A clean-up campaign, donations of cash, food and blankets: Ethiopian community in SA celebrates Mandela Day in style
JOHANNESBURG – A clean-up campaign, a donation of R100,000 to the City of Johannesburg and hundreds of blankets to the less-privileged is how the Ethiopian community in Gauteng celebrated this year’s edition of Mandela Day.
The day culminated in an inter-Africa public gathering at the intersection of Jeppe and Delvers streets in the Johannesburg central business district, addressed by the Ethiopian Ambassador to South Africa, Mr Shiferaw Teklemariam.
Working under the auspices of the United Ethiopian Community Association in South Africa (UECASA), the Ethiopians carried out a clean-up campaign in the vast area of the Johannesburg inner-city, including the busy Bree Taxi rank.
They also presented a cheque of R100,000 to Johannesburg Mayor Herman Mashaba, to boost his efforts of trying to fix the busy and populous city.
“We believe that Mandela Day should not be a one-day event because Mandela dedicated his whole life to fighting for justice for everyone,” said UECASA spokesperson, Cherinet Liramo during an interview with Africanvoice Global in Johannesburg Thursday.
“As a community living in South Africa, we decided to take responsibility to keep his legacy because Mandela did a lot for the whole of Africa. Besides cleaning the city and making donations, we also fixed some old people’s homes, including De Westhoff Retirement Village in Region F (Kensington), where we constructed toilets, fixed showers, ceilings, repaired roofs, fixed kitchen units, repaired roofs and did some plumbing and complete unit innovations. There are many old age homes that are dilapidated and in need of refurbishment and in the spirit of Madiba, we have decided to lend a hand.”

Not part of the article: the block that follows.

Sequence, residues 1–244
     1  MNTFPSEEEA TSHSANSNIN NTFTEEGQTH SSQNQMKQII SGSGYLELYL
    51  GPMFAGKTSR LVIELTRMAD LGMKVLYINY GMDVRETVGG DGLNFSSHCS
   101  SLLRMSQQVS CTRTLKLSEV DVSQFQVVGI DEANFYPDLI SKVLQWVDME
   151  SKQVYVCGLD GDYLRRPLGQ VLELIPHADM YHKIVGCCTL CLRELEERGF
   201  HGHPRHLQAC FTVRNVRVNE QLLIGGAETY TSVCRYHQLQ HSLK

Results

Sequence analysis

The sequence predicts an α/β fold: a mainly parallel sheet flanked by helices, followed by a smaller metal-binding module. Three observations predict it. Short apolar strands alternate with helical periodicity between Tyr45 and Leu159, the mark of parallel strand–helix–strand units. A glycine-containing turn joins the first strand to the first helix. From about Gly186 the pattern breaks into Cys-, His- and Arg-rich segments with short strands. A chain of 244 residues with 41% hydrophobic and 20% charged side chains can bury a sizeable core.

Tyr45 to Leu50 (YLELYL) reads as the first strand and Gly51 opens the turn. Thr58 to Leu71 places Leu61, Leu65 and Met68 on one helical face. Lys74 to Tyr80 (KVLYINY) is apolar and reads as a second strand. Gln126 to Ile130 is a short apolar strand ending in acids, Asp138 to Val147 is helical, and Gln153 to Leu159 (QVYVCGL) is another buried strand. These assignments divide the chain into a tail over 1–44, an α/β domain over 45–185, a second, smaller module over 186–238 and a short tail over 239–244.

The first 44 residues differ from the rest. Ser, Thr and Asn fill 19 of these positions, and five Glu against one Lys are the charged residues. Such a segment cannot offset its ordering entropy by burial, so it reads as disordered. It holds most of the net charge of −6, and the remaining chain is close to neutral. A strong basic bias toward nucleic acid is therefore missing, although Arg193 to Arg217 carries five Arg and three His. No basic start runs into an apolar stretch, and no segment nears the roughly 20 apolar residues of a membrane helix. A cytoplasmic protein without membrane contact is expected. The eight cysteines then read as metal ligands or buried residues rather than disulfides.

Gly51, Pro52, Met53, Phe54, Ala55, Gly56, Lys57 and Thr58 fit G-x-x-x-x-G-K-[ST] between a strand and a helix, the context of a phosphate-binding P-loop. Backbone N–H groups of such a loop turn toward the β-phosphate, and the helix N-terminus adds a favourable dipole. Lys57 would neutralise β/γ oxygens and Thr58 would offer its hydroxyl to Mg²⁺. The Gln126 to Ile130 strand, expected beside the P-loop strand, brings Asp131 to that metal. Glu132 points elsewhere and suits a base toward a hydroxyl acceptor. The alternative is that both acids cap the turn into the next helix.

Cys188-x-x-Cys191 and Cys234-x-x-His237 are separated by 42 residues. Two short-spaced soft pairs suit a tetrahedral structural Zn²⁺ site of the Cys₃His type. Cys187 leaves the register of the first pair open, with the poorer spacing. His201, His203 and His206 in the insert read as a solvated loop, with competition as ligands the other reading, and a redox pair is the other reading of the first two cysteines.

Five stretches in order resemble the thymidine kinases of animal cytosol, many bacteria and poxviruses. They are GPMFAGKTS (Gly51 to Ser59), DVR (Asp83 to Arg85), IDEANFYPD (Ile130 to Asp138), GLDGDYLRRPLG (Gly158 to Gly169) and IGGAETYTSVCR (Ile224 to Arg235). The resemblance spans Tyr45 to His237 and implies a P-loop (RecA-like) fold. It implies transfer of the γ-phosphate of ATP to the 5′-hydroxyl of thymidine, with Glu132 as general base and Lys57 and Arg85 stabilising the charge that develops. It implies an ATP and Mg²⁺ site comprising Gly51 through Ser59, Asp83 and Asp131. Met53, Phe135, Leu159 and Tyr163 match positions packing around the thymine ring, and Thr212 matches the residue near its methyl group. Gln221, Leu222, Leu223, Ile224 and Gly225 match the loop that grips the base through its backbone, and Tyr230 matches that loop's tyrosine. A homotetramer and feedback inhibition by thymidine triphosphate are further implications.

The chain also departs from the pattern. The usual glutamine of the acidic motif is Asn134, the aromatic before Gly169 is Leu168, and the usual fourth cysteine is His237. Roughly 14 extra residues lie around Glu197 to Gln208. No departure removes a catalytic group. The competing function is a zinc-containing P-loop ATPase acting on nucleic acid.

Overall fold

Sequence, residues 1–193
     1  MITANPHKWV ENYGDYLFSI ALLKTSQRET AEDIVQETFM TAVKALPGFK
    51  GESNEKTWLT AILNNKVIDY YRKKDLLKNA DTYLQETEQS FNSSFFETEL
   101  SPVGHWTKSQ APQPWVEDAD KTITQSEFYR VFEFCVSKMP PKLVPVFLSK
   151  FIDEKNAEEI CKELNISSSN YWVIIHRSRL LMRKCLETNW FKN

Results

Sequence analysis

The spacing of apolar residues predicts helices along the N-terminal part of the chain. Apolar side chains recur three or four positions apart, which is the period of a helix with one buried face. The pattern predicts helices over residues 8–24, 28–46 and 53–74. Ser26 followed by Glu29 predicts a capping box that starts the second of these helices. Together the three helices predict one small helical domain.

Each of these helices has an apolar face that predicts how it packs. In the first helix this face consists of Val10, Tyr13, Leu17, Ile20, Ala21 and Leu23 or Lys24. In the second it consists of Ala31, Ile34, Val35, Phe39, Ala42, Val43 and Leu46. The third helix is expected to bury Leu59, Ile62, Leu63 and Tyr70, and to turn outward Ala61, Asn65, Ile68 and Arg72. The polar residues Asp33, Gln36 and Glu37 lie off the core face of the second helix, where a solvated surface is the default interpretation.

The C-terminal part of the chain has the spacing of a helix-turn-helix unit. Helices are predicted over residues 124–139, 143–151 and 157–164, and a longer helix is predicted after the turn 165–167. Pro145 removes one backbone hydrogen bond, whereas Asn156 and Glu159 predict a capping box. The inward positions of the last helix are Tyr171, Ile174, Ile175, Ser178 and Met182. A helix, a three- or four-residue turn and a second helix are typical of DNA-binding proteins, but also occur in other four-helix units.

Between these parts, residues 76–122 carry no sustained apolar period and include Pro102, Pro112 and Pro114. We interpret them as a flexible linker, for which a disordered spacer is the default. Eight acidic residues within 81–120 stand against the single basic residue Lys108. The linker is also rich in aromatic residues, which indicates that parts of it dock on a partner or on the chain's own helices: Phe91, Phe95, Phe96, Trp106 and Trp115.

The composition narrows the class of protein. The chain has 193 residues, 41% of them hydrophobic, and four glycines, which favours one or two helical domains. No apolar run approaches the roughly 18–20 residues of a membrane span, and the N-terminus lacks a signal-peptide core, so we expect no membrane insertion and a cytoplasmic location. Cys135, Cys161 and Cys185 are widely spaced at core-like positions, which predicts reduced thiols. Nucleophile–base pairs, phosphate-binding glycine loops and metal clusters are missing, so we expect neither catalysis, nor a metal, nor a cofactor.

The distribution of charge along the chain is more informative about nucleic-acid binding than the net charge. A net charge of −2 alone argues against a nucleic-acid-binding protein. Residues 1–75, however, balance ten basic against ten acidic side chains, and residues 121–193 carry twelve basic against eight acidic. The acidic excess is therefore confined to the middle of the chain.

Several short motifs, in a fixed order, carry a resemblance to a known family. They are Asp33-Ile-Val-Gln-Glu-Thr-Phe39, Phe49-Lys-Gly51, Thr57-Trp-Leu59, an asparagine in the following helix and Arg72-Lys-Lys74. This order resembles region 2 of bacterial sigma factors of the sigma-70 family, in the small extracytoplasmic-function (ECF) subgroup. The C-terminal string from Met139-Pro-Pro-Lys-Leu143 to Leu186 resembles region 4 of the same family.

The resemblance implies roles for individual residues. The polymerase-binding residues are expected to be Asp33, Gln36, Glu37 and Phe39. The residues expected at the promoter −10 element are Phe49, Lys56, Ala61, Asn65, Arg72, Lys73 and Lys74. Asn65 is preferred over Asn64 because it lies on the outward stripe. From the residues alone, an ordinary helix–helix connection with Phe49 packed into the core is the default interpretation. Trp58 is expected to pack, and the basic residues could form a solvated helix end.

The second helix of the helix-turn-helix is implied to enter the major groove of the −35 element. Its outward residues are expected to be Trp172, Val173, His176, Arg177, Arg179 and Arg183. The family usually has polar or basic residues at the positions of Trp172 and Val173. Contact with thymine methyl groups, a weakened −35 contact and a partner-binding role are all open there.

Among the blankets donated, 230 were handed over to the needy in Rosettenville, who were also given food parcels.
Mr Liramo was upbeat about UECASA’s newfound partnership with the City of Johannesburg, which will see the two work hand-in-hand on investments, business initiatives, job creation, uplifting the community and public works.
“This is part of motivating our people to be responsible and acknowledge that South Africa has been there to wipe their tears and that in return, we should always be there to give back to the South African community in terms of proper integration in business and working together as one African community,” added Liramo.
Zekarias Talo, the Diplomat in Charge of Citizens’ affairs at the Ethiopian Embassy in Pretoria, said the gesture was a culmination of years of good bilateral relations between Ethiopia and South Africa, dating back to latter’s struggle against Apartheid.
“Ethiopia and South Africa have always enjoyed good relations. During the fight against Apartheid, Ethiopia provided direct technical and military training and financial support to South African freedom fighters,” said Mr Talo.
“This event is therefore, is as much a gesture towards our fraternal and long-lasting relations, which are based on mutual benefit as it is a celebration of Madiba’s legacy. This is neither the first nor last for us to make donations towards the less-privileged in our host country. We are disseminating a message of unity, love, peace and togetherness to our brothers and sisters in South Africa. Africans are one and therefore, should live together, work together and fight together because we are one people and our generation is one.”